For the Birds Radio Program: Collections

Original Air Date: April 30, 1997

Today’s program is about the human and avian need to collect things. (4:22) Date confirmed.

Audio missing


One of the habits I’ve gotten into as an adult is to keep a rock in my pocket. When I’m stressed out, I can hold onto it and it somehow calms me—almost literally grounds me. When I go for a walk along a beach, I often pick up stones and small rocks and usually end up bringing one of two home with me. Whenever I see a new bird—a lifer—or find a particularly luscious woods or have a magical experience outdoors, I commemorate the occasion by collecting a nearby rock.

I have one particular favorite that stays in my pocket. It was chosen with great deliberation, and is exactly the right size and shape to fit comfortably in my hand, with a wide concave dip near one end just right for my thumb to rest in. The rock is ordinary brown and black, but the black mineral in it has tiny crystal facets that sparkle in low light like new-fallen snow. In the same way that a hummingbird’s black throat feathers are transformed into rubies by the angle of light falling upon them, my rock is transformed by even a soft nightlight into dancing crystals. Holding it, I can imagine myself deep within the small woods from which it came.

Collecting things, from rocks to stamps to furniture, is a very human characteristic. Some of the objects we seek are whimsical, some practical, and some serve as symbols of other things altogether. A few stamp collectors I know amass huge collections because of the monetary value of each one. Others collect stamps from specific countries or of specific images because they conjure images of exotic far away places or lovely creatures. Filling gaps in an incomplete collection brings a feeling of satisfaction and even joy to many of us, perhaps fulfilling our need for order and completeness.

Even bird lists are collections. When I finally added Northern Pygmy-Owl to my life list, completing the owl section, the sight of a continuous line of checkmarks on my list was almost as pleasing as the owl itself.

Like humans, many birds collect things. This time of year, they gather nesting materials. I like watching crows in my neighborhood search for sticks. They stride purposefully under my spruce trees, studying each stick, sometimes picking one up and seeming to weigh or measure it or test its feel. I don’t know what qualities make a stick exactly right for a crow. Perhaps they want sticks of a particular length and thickness, but the way they scrutinize them before finally choosing one, I think maybe the sticks have more subtle attractions, like my little rock.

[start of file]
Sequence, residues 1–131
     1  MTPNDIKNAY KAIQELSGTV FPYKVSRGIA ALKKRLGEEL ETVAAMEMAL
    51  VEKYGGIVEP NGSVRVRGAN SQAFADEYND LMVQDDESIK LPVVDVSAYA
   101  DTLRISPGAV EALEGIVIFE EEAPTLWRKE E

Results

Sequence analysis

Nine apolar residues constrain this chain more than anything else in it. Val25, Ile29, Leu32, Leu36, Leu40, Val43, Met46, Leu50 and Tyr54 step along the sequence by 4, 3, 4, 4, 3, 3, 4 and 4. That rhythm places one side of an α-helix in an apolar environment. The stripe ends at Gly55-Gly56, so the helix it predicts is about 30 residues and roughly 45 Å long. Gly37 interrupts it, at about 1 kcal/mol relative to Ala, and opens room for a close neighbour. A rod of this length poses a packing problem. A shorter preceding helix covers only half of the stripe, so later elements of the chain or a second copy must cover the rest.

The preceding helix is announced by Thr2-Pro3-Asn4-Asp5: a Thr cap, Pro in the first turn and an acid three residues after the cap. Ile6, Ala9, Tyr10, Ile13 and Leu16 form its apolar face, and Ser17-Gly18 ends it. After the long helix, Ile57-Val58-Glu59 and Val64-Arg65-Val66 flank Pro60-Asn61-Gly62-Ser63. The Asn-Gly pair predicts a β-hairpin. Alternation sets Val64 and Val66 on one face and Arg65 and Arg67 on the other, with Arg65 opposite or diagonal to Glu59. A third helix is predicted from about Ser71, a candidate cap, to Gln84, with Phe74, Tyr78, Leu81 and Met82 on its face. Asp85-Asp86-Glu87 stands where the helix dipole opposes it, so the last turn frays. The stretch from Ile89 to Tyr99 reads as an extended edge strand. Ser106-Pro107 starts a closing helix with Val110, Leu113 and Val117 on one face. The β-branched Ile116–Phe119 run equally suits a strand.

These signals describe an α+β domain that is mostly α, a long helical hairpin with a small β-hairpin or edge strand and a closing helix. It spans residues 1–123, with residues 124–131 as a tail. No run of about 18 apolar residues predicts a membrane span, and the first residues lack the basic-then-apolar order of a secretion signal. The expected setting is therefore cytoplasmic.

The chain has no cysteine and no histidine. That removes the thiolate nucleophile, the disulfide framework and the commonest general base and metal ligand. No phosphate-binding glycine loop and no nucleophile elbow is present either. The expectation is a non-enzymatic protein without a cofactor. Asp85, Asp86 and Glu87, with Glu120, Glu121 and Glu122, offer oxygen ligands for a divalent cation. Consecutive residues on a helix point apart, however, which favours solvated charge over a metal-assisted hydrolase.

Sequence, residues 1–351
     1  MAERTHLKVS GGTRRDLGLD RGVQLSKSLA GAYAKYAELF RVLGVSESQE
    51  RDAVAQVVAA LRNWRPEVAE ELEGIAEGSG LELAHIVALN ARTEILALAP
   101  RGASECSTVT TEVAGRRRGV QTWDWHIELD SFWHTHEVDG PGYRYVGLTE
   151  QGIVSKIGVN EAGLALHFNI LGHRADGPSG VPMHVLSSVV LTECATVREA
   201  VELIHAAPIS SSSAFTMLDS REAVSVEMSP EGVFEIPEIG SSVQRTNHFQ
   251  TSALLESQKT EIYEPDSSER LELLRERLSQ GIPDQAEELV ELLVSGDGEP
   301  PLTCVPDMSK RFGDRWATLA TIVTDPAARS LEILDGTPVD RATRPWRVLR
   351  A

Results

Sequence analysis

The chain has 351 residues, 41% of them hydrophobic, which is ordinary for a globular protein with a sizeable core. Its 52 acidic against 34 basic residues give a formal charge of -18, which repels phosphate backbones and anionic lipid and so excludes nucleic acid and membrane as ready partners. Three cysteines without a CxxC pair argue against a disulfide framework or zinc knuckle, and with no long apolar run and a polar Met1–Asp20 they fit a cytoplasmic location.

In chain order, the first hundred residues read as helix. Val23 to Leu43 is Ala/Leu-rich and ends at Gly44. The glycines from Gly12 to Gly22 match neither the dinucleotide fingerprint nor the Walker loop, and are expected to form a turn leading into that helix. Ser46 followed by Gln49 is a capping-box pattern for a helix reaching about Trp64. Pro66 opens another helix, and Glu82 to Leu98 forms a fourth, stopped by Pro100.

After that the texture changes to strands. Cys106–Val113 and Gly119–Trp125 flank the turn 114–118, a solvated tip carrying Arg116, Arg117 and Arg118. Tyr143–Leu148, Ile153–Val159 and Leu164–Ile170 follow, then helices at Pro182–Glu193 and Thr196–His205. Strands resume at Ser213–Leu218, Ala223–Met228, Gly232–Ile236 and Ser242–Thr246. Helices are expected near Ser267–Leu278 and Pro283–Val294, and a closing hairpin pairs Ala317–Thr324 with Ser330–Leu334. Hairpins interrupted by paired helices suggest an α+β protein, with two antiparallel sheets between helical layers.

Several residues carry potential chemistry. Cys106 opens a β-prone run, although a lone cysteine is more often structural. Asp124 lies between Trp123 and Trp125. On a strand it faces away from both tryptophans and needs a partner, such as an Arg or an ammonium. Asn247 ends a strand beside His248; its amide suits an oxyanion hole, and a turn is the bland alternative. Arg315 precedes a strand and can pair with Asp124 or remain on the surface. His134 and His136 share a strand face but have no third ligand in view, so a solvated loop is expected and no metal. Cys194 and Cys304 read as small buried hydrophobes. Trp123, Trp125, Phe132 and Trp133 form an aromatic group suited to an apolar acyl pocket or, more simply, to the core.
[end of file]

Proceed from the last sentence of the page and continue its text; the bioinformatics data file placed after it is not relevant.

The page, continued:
Tree Swallows collect white feathers to line their nests with, to insulate the eggs and babies against excessive cold and heat. Great Crested Flycatchers line their nests with snakeskins, hummingbirds find spider silk with which to weave lichens together—yes, most birds collect things in spring. Some male birds also collect items to present to females in courtship rituals.

But some birds, especially those in the crow family, collect for the sheer sake of collecting. Magpies, ravens, crows, and even jays carry off shiny objects, including stones and pieces of metal or glass. Once a raven picked up and flew off with my wristwatch when I dropped it on a dirt road in Port Wing, Wisconsin. Ravens have a good enough inborn clock that they hardly need a watch, and their wrists are way too skinny to wear one anyway, but these most human of birds share acquisitiveness with us. Collections, be they of bird sightings, stamps, sticks, shiny watches, or small brown and black rocks, provide us with soul-satisfying treasures that remind us of the abundant riches to be found on this little planet.